The Marketing Toolbox


A home building project generally involves a basic toolbox with common essentials like a hammer, screwdriver or saw. In fact, you might own several different hammers, drills or even a high-end electric saw made by diverse brands such as DeWalt, Ryobi or Craftsman. The brands and options are endless, as are the methods with which to complete your weekend project.


The Marketing Toolbox is similarly stocked with the necessary equipment to achieve the desired goals, whether it’s delivering compelling return on investment (ROI) for a sponsor or hosting a successful and profitable air show for the community. It’s also a lot like walking into Home Depot and facing a dizzying array of overwhelming choices for a simple screwdriver.


Basic marketing tools are nearly universal, whether you’re an event organizer or performer. But the digital age has dramatically altered this complex landscape, and the tools that transform it are equally diverse. We frequently discuss traditional marketing tools such as advertising, exhibit space pricing, ticket promotions, and social media.  But what are the best tools to connect with your audience or potential audience?


First, ask and answer the following questions before you begin worrying about which apps or programs to use:


  • Have you created a marketing plan?


  • Have you defined your audience?


Second, have you updated your website or does it still have an oh-so-nineties flash open? Does it automatically play embarrassing groovin’ music when the site opens while you’re at work?


A site overhaul may be needed because fans expect real time responses to their questions and concerns. This Social Customer Response Management (CRM) can grow your brand, build loyalty, and strengthen your sponsorship. Conversely, ignoring it can destroy your brand. Can people log in from their phone, tablet or laptop with their Facebook, Twitter or other social account? Intuitive navigation with the ability to share elements of your site with one click also makes your site and your business more competitive.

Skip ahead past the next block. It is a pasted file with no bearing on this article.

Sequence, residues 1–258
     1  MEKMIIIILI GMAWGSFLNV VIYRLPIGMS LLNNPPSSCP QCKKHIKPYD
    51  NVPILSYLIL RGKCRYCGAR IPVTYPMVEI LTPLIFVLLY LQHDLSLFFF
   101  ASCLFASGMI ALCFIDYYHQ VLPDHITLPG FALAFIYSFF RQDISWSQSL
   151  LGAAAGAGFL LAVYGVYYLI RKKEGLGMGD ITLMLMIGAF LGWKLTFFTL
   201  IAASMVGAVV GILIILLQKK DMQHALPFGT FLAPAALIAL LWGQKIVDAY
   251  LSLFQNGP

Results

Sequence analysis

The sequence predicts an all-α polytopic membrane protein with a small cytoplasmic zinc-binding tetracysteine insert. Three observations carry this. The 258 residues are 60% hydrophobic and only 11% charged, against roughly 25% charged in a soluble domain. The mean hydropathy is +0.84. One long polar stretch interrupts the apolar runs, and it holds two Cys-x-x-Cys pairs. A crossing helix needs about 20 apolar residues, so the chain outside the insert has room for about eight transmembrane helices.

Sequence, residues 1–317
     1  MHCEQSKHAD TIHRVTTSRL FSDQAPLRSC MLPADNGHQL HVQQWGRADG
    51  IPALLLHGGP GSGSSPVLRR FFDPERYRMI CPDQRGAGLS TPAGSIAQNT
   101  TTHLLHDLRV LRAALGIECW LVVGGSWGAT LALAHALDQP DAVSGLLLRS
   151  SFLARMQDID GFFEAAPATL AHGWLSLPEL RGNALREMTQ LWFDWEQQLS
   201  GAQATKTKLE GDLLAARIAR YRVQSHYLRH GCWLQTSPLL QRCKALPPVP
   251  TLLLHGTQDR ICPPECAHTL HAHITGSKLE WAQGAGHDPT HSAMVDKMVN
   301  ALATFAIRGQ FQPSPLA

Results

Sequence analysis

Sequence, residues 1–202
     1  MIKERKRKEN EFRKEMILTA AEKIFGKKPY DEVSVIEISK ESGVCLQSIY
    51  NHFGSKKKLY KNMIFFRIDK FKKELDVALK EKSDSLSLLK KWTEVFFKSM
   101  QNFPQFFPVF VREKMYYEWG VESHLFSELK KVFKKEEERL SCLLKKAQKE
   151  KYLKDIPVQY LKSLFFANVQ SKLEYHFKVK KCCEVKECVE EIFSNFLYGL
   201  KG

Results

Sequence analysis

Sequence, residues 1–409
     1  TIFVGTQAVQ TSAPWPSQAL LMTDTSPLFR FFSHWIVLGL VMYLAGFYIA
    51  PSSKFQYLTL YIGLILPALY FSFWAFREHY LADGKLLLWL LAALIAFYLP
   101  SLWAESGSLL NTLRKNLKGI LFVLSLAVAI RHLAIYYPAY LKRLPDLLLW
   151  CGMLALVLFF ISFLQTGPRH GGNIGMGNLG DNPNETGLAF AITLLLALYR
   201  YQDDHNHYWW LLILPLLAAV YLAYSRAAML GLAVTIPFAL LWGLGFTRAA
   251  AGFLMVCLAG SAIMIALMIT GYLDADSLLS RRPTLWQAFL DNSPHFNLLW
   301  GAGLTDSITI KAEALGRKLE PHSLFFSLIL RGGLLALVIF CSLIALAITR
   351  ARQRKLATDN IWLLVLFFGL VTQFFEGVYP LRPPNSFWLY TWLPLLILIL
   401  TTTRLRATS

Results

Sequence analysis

Get Social


Social networks have revolutionized the ways in which people engage with one another and the world, whether it’s sports, music, news or air shows. With truly unique stories and wonderfully dynamic visuals, air shows create ample original content opportunities to share across multiple social networks. The “2014 Social Media Marketing Industry Report” by Social Media Examiner reported that original written content was the most important form of content (58 percent) followed by original visual assets (19 percent).  Michael A. Stelzner, Founder of Social Media Examiner, reports the top two benefits of social media marketing are increasing exposure and increasing traffic.


Ninety-two percent of all marketers indicated that their social media efforts have generated more exposure for their businesses. Increasing traffic was the second major benefit, with 80 percent reporting positive results.  Most marketers are using social media to develop loyal fans (72 percent) and gain marketplace intelligence (71 percent).


So what’s the best social platform to use? Without a doubt, Facebook dominates social media, followed by Twitter and LinkedIn, YouTube, Blogging, Google+ and Pinterest. Perhaps you wanted to try Snap Chat, but — with a reported one percent engagement — it’s probably more valuable and effective to focus on the top six networks.


People have written a multitude of blogs and books on each of these platforms, but we’ll focus on best practices and tips to drive the greatest social return on investment for your program.